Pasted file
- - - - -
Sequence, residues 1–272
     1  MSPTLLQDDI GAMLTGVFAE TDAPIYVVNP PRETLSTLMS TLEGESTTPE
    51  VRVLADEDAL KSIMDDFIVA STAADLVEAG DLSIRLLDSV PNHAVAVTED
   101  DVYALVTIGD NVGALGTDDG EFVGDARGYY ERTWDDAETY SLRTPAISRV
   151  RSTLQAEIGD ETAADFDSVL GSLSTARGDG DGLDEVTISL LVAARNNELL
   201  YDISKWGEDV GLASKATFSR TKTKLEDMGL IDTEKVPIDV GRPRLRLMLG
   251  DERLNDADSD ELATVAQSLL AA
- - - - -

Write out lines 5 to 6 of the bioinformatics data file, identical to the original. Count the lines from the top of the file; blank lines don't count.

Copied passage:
   151  RSTLQAEIGD ETAADFDSVL GSLSTARGDG DGLDEVTISL LVAARNNELL
   201  YDISKWGEDV GLASKATFSR TKTKLEDMGL IDTEKVPIDV GRPRLRLMLG